Fannon: Thank you, ambassador. The COVID pandemic has– I think there were a variety of trends that existed pre-COVID, and the COVID pandemic accelerated those existing trends. One of those key trends is an identification of the vulnerabilities that the world has in terms of some of the key supply chains, of course, the issues with respect to China and PPE, the initial issue that drove that was in regard to some of the PPE issues. The other issues, it’s created a greater awareness of the globe’s vulnerability to single points of failure and the ability for a party, a state-driven not market-driven, a state-driven enterprise to control the levers of supplies.  

One of those is in the case of renewable energy technologies. We’ve been doing some work, and Canada actually has been a leader in this, and Shawn in particular in our partnership, in a couple of areas was looking to what is the– Minister spoke to the energy transition. As you see this energy transition, what is the scale of that transition and implication? What are the inputs to allow that transition to occur? We weren’t alone, our respective governments, but entities like the World Bank, the International Energy Agency, the International Renewable Energy Agency have all looked into this question relatively recently as to, what are the inputs into this clean energy future?  

What we’ve found is that the inputs are minerals. Effectively as clean and green as any energy technology may be in deployment requires enormous shovels at the beginning of its life cycle. Where are those life cycles or where are the shovels being deployed? How are they being deployed? What are the supply chains? How are they processed and developed and turned into the clean energy, not technologies that so many applaud? The minerals intensity of these technologies is exponential.  

The World Bank did a report in 2017, updated it recently, 500 to 1000% increase in demand for these minerals that go into clean energy technologies. We see this exponential increase, it’s opening new frontiers of exploitation of mineral development. Some of the work we’ve been working is looking into, where are these minerals? How are they being developed? How are they being processed? We have real grave concerns about the future of energy transition technologies to achieve the ambition that peoples all around the world want. If they can’t get the minerals securely, reliably, and have a resilient supply chain.  

What we’ve done is we formed an organization called the Energy Resources Governance Initiative. The founding partner countries are Canada, Peru, Botswana, Australia, and the United States. Diverse countries spanning four continents, all have a record of responsible mineral development over the long term. What are the lessons learned? Why have we been successful? We then developed a toolkit. Actually, my last trip anywhere internationally was wonderful Toronto at the PDAC Global Mining Conference where we unveiled our toolkit to open access.  

It’s free to help governments to better understand, with this exponential growth and mineral demand and development, how can they meet the test and produce these minerals responsibly so that we can get these technologies. The United States is also looking to help countries implement the toolkit. Lastly, we have a relatively new institution called the International Development Finance Corporation. It provides financing for projects around the world in infrastructure and energy. We’ve integrated the ERGI principles. By the way, you can go to toolkit ergi.tools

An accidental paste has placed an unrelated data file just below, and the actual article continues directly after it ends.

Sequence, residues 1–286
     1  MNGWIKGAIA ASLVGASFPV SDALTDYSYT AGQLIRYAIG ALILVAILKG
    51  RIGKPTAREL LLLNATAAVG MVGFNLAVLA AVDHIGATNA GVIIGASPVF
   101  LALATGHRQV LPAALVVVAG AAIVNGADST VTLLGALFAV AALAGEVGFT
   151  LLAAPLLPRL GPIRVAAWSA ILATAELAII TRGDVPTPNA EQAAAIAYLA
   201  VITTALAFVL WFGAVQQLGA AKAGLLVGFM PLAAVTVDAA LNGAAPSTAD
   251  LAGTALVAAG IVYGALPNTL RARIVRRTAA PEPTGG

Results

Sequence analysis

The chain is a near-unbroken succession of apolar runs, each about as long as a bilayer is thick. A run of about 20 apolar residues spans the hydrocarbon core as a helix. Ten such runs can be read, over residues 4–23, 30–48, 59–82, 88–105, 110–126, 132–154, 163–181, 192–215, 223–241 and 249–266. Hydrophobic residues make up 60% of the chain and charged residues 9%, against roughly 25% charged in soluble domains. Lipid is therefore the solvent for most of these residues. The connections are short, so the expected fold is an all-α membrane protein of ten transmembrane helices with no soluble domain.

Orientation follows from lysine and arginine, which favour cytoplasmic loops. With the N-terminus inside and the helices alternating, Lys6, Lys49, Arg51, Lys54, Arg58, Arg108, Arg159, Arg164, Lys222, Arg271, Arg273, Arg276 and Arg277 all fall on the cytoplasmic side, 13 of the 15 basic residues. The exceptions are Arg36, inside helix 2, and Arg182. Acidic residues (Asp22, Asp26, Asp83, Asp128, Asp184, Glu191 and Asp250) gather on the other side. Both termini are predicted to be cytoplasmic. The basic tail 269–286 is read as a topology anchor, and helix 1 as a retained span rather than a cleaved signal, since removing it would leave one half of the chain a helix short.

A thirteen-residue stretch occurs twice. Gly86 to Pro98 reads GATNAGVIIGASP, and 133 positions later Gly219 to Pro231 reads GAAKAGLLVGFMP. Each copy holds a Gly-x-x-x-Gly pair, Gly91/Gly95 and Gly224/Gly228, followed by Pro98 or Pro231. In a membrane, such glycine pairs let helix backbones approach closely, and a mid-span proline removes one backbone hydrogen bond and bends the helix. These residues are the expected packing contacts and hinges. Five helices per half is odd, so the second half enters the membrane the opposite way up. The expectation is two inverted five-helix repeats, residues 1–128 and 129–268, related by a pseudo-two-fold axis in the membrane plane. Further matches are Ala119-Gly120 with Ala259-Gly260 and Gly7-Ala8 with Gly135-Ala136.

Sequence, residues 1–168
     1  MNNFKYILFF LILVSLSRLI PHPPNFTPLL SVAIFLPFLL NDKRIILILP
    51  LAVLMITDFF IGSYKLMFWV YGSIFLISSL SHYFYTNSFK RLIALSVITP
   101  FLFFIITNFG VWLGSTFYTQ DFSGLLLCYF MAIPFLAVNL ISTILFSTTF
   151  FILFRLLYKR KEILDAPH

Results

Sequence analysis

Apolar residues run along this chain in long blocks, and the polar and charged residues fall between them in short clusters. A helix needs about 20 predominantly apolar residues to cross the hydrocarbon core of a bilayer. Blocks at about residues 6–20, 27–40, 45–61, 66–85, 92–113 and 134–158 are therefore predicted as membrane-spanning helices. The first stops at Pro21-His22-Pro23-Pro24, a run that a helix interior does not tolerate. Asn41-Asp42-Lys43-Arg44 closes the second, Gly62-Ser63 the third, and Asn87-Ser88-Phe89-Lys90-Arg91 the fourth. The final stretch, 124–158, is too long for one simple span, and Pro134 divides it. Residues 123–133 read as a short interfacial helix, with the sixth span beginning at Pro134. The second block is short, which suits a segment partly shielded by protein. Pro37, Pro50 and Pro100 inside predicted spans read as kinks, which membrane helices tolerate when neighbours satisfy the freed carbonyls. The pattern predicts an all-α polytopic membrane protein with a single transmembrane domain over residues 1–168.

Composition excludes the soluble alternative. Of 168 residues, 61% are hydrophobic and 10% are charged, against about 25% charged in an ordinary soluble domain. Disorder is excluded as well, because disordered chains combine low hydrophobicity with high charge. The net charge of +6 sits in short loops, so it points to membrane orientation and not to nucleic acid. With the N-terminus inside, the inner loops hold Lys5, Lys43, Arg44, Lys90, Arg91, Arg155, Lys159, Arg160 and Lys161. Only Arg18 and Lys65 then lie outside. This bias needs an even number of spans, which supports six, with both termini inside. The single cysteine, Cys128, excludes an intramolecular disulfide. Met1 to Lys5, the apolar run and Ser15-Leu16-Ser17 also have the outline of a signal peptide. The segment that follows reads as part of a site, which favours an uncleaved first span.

Integrated the toolkit’s principles into the development finance corporation’s lending practices, so it’s a preference so that if a country takes the toolkit, looks to implement, identifies these principles, saying that these important, then they have a preference in DFC financing. DFC financing is there to catalyze private sector investment. It’s some of the seed money to help de-risk projects. It helps create a more level playing field. We’re blessed in the United States, of course, Canada as well with mineral resources, blessed with them.  

We need to make sure that there’s a level playing field globally in the regulatory context so that we’re competitive, and that countries around the world who want these clean energy technologies, they also integrate and recognize how they’re produced. Is their production responsive to human rights issues? Is it responsive to true environmental protection and management? Are they responsible to local communities? Are local communities being empowered, or are the minerals being produced from imported labor with substandard labor conditions and despoil the environment?  

This is trying to create a level playing field because we’re convinced that the world will move from the focus singularly on greenhouse gas emissions and reawaken to issues of human rights and these other issues that I mentioned. If we don’t integrate these concepts now, then there could be a future where the minerals don’t get produced, or they do get produced, but not in advance of some of these shared values that we all have in support of people.  

It’s something that the Secretary of State convened an event on the margins of UN General Assembly last year, we’re looking to virtually do something around the same time this year, in a different way. It’s something we’re quite passionate about and we’re very, very pleased that Canada continues to be a partner in this effort and really help lead the effort globally.   

Thanks.

Morningstar: I’d like to ask our friends from the north, either minister to give their views as to what the situation is with respect to supply chains? How the partnership with the United States and other countries is going in connection with that. Then, the area of the world that hasn’t been mentioned is Europe, which has a huge stake. Will Canada and the United States be working with Europe on these issues?    

NallyCan I jump in, ambassador?   

Morningstar: Yes.